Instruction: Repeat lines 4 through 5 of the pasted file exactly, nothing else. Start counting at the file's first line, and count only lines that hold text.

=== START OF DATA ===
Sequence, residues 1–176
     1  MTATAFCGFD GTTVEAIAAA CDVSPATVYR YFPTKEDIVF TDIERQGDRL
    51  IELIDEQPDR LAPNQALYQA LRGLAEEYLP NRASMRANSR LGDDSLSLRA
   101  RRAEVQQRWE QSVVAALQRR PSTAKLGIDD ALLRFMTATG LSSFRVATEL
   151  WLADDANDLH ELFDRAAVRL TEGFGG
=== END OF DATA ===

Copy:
   101  RRAEVQQRWE QSVVAALQRR PSTAKLGIDD ALLRFMTATG LSSFRVATEL
   151  WLADDANDLH ELFDRAAVRL TEGFGG